Duterte leaves door open for US role in South China Sea


Philippine president’s softer tone is music to the ears of Japan’s Abe

Philippine President Rodrigo Duterte acknowledged the importance of his country’s alliance with the U.S. in a meeting with Japanese Prime Minister Shinzo Abe Friday, delighting his guest, who sees American involvement in Asia as essential for countering the rise of China.

The two leaders held talks for a second day in Duterte’s hometown, the city of Davao on the southern Philippine island of Mindanao. During the 30-minute meeting in a hotel, the Phiippine president declared his intention to maintain cooperation with the U.S., Japanese government sources said. Duterte also expressed hopes of peacefully resolving territorial disputes with China in the South China Sea, based on international law, and of holding direct talks with China on its attempts to create military outposts in the disputed waters.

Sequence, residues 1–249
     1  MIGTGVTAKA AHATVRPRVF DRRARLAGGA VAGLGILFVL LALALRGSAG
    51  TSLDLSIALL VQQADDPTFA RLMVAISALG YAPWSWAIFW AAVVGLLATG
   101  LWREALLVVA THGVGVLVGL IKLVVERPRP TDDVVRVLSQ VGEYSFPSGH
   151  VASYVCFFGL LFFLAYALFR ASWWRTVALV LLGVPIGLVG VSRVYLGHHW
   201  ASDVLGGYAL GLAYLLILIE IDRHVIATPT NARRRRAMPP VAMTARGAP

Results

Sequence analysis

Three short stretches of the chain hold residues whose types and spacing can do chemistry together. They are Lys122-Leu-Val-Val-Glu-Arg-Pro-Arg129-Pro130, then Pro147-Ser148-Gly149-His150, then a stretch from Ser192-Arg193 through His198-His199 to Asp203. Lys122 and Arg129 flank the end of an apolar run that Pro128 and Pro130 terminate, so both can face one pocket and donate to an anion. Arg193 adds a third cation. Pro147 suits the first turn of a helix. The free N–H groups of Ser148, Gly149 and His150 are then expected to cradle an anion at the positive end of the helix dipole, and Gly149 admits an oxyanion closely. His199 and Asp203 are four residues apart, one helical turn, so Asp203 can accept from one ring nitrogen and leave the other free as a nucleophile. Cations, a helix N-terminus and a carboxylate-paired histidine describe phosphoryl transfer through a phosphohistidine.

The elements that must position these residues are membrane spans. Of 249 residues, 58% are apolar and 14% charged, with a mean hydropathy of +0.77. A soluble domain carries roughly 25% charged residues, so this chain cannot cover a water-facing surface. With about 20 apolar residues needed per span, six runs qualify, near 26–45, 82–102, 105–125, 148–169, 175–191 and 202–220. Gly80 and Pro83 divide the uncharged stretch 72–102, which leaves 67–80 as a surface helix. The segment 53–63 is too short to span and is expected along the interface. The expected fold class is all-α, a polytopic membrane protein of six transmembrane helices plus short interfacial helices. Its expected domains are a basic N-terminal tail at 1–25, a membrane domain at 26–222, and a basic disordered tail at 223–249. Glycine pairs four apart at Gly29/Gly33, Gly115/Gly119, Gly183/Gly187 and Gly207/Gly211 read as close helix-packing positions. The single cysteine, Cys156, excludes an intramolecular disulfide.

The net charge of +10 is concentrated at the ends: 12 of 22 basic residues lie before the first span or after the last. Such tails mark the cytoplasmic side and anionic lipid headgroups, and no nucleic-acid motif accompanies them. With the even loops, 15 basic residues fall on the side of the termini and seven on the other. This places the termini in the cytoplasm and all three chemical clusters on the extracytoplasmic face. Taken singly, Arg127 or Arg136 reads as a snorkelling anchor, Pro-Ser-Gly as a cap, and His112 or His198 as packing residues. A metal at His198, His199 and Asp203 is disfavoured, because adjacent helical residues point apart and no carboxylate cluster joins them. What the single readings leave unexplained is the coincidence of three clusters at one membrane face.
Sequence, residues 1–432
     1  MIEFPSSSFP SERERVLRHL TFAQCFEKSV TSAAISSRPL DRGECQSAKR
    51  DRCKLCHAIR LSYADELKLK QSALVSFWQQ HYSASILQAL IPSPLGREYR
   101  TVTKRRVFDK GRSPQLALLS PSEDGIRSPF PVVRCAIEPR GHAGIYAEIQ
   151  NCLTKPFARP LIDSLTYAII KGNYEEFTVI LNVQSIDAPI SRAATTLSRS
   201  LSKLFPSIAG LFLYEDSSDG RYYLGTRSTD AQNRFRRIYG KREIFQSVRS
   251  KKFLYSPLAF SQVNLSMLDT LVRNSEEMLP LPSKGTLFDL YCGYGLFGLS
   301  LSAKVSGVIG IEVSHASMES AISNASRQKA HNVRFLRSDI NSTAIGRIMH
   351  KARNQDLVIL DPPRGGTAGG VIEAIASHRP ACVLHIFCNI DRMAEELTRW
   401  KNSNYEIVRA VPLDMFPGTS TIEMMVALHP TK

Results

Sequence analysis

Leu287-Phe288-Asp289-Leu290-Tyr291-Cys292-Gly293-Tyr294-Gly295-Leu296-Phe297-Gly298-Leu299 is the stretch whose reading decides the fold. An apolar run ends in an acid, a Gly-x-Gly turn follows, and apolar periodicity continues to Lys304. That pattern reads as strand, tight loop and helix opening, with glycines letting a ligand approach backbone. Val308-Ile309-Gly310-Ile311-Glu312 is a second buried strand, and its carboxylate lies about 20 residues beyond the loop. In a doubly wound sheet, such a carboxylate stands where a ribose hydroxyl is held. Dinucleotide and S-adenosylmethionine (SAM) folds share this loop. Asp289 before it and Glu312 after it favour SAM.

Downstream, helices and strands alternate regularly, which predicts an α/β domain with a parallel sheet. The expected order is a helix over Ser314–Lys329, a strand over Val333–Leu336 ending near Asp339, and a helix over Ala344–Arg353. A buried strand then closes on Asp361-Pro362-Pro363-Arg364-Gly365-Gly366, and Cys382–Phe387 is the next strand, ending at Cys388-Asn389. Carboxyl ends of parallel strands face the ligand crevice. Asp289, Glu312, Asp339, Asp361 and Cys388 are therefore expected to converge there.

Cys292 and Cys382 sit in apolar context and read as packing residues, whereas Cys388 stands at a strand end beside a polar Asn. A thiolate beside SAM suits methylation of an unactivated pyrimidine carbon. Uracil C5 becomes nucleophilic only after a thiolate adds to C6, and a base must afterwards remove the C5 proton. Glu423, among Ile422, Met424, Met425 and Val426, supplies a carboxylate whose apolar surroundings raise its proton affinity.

Since coming to power in June, Duterte has repeatedly voiced his intention to distance his country from the U.S. The relationship between the two longtime allies has deteriorated after U.S. President Barack Obama raised human-rights issues over Duterte’s strong-arm campaign against drugs.

Abe, who sees cooperation with the U.S. and the Philippines as key to addressing Beijing’s overreaching territorial claims in the South China Sea, attempted to play the role of peacemaker between Manila and Washington in a meeting with Duterte in Japan in October. He continued to assume that role during his meetings on Thursday and Friday, offering Japan’s support for the Philippines’ anti-drug efforts without raising human-rights concerns.